A New Semester at Northwestern High At a high school in Baltimore, two teachers take very different approaches to the start of a new semester. It's a chance to make a fresh start for some teachers, but also a confusing time, as new schedules upend their routines.
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A New Semester at Northwestern High

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A New Semester at Northwestern High

A New Semester at Northwestern High

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It is the beginning of a new semester at Northwestern High School in Baltimore. That often means confusion as students adapt to new schedules, new classes, new teachers. At the same time, the pressure is on. Northwestern has only a few months left to improve the school's test scores. They've been well below state standards for years. And we care about this because NPR's Larry Abramson is charting Northwestern's efforts to boost student achievement.

Here's his latest report.

LARRY ABRAMSON: On this snowy, icy morning at Northwestern, many forces aside from the weather are conspiring against teachers who want to start teaching.

Many teachers, including this new substitute, have not received their class schedules. That throws the man off his game. Kids take advantage of the situation, leading to an altercation in the hallway.

(Soundbite of banging)

ABRAMSON: A student bangs a locker in frustration. The substitute demands the kid be taken to the main office. At that moment, biology teacher Sandra Herrera(ph) comes by with the missing schedules. She takes one student aside.

Ms. SANDRA HERRERA (Teacher): Is there anything you can do to maybe smooth it over a little bit? Do you think?

Unidentified Male (Student): I just won't want to say nothing to him.

Ms. HERRERA: You think?

(Soundbite of bell ringing)

Ms. HERRERA: So you just gotta go with the flow.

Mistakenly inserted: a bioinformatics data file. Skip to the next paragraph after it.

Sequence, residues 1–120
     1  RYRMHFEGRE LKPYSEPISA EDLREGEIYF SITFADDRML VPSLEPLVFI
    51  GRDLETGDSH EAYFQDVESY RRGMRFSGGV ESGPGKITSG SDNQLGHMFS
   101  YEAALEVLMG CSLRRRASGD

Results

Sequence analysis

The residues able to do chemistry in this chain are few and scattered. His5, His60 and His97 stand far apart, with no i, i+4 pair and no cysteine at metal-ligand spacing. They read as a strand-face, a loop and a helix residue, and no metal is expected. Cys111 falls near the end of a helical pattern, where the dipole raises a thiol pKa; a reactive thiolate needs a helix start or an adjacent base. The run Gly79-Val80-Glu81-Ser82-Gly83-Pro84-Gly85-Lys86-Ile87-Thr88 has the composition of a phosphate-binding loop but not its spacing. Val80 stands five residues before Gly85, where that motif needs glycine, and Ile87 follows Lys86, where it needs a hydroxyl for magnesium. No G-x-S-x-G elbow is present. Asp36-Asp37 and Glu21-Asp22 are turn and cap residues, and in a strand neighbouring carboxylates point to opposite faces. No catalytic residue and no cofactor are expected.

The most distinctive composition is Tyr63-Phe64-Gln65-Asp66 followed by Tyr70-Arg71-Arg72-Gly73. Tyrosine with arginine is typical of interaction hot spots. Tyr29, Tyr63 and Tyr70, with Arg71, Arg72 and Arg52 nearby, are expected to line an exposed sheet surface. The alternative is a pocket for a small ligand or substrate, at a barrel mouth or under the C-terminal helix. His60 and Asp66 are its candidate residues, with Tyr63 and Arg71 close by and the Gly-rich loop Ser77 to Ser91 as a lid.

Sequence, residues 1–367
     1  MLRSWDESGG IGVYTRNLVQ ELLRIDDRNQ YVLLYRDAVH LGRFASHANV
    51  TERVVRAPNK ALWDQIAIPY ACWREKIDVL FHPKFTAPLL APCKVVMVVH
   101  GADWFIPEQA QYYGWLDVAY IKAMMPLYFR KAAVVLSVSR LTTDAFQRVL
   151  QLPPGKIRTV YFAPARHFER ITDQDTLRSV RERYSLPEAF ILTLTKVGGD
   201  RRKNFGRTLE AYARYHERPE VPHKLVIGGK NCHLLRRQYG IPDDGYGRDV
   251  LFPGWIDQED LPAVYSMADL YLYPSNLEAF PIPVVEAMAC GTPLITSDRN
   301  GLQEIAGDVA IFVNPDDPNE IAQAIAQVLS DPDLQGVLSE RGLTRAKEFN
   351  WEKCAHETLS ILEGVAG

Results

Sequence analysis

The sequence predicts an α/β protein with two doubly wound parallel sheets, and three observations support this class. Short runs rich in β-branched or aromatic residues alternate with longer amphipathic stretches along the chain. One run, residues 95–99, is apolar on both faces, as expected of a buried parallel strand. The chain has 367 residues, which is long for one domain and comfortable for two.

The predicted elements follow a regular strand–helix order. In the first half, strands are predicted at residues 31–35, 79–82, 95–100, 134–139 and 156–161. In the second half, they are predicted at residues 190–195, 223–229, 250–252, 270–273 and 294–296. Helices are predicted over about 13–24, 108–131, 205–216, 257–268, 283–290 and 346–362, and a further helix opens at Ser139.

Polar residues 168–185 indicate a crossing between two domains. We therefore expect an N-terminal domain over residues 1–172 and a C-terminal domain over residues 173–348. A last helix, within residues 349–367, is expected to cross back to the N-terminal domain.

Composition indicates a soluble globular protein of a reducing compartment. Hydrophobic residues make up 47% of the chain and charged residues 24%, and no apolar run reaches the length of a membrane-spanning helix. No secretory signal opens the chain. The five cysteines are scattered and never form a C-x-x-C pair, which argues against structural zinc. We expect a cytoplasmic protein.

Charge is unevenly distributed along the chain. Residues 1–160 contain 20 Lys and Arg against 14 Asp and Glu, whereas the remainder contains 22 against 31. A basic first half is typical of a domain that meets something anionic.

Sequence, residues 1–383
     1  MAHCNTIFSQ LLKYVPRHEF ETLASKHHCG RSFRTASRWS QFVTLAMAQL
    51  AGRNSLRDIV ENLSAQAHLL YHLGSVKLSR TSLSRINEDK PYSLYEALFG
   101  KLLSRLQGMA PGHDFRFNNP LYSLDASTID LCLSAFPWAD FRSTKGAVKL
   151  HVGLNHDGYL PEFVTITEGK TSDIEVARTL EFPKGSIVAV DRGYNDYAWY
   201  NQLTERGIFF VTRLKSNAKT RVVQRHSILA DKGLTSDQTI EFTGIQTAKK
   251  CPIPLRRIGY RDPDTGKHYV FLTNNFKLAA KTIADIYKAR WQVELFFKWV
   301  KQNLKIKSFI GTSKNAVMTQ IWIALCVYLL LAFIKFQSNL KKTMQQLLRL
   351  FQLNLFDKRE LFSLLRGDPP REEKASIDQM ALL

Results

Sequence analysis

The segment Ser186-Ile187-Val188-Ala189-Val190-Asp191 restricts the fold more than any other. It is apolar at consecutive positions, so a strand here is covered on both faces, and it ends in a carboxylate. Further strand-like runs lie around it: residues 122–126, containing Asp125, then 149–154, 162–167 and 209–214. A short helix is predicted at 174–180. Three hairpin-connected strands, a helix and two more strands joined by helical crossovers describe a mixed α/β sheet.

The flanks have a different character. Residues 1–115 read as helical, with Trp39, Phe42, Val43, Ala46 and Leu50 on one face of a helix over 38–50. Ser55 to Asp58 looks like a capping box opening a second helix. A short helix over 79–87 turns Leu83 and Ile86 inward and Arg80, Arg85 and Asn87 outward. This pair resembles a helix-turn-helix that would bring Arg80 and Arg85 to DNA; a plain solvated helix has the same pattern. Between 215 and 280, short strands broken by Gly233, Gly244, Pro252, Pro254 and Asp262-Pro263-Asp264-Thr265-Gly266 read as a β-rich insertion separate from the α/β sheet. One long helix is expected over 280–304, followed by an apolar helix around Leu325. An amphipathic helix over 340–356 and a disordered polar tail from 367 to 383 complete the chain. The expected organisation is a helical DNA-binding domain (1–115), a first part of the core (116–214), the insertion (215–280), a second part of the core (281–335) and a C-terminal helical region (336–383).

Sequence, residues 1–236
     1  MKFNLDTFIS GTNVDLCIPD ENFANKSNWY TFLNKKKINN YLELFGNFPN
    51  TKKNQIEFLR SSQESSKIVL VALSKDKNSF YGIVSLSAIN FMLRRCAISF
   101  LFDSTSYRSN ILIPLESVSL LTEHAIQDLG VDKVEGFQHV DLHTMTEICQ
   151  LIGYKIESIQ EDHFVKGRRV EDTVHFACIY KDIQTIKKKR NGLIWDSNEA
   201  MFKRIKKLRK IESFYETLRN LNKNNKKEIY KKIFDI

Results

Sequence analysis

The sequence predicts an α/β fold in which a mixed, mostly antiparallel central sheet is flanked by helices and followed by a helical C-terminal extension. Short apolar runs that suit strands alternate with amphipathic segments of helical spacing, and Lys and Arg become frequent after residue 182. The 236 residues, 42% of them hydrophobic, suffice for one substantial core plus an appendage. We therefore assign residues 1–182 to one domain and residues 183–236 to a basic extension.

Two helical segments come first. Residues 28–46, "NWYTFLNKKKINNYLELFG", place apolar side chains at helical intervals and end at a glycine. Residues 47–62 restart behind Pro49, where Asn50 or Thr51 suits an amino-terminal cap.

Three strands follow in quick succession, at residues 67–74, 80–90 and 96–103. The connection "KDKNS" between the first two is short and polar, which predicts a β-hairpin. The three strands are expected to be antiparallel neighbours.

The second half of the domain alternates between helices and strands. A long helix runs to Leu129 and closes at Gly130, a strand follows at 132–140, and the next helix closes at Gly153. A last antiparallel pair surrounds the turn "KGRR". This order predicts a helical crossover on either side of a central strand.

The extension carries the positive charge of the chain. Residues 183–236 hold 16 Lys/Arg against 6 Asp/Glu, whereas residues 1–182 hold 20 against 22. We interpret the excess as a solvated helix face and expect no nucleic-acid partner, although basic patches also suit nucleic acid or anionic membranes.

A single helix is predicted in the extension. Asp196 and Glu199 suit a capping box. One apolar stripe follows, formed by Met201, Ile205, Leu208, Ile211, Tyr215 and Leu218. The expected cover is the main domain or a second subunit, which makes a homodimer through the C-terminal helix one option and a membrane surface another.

Unidentified Man: All right.

Ms. HERRERA: If you get a chance, if you think about it, just run by and say, you know, I'm sorry. I appreciate it.

Unidentified Man: Okay.

ABRAMSON: Herrera herself is new to Northwestern. She came here by choice from Texas because she was certain that kids at this underperforming school could do better at biology, her favorite subject.

(Soundbite of scraping)

ABRAMSON: Herrera rearranges the desks in her classroom before the kids arrive. On her bright, argyle sweater she wears a pin a friend gave her. There's a frog reading a book with the word biology written on it.

(Soundbite P.A. system)

Ms. HERRERA: Hi. How are you doing?

Unidentified Female #1 (Student): Fine.

ABRAMSON: When the kids enter, Herrera looks at them with a kind of Mona Lisa smile and she throws out this challenge.

Ms. HERRERA: Okay, anyway, do you know how many students passed the test last year in biology? Does anybody know? Twelve percent of the people who took the biology test last year passed it. Twelve percent.

ABRAMSON: Many kids know they can graduate without passing the biology portion of the HSA, Maryland's High School Assessment test. So Herrera appeals to group pride. If they blow off the test, she says, the school will look bad.

Ms. HERRERA: So with that kind of score, I mean it's normal, people are going to think Northwestern kids are not very smart. Not true. Cause we're going to change the reputation of Northwestern.

(Soundbite of pencil sharpener)

ABRAMSON: Sandra Herrera sharpens her pencil and sets to work. But for her, the first order of business is to put the kids in charge of themselves.

Ms. HERRERA: I think it's very important for you folks as basically young adults to determine what rules govern your behavior in this class.

ABRAMSON: As a way of empowering students, Herrera expects them to lay down rules for their class. This seems like an invitation to bedlam.